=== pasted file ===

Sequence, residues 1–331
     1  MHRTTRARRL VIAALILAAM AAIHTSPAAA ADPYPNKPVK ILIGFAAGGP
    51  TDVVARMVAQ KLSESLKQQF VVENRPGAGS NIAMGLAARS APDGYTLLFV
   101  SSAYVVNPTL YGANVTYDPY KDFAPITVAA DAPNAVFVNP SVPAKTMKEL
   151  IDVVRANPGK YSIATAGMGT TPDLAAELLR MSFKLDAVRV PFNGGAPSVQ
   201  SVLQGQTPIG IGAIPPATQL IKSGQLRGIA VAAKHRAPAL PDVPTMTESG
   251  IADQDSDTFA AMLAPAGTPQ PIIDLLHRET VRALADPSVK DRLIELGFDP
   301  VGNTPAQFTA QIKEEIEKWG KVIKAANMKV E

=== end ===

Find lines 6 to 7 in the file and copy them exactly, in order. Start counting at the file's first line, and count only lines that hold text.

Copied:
   201  SVLQGQTPIG IGAIPPATQL IKSGQLRGIA VAAKHRAPAL PDVPTMTESG
   251  IADQDSDTFA AMLAPAGTPQ PIIDLLHRET VRALADPSVK DRLIELGFDP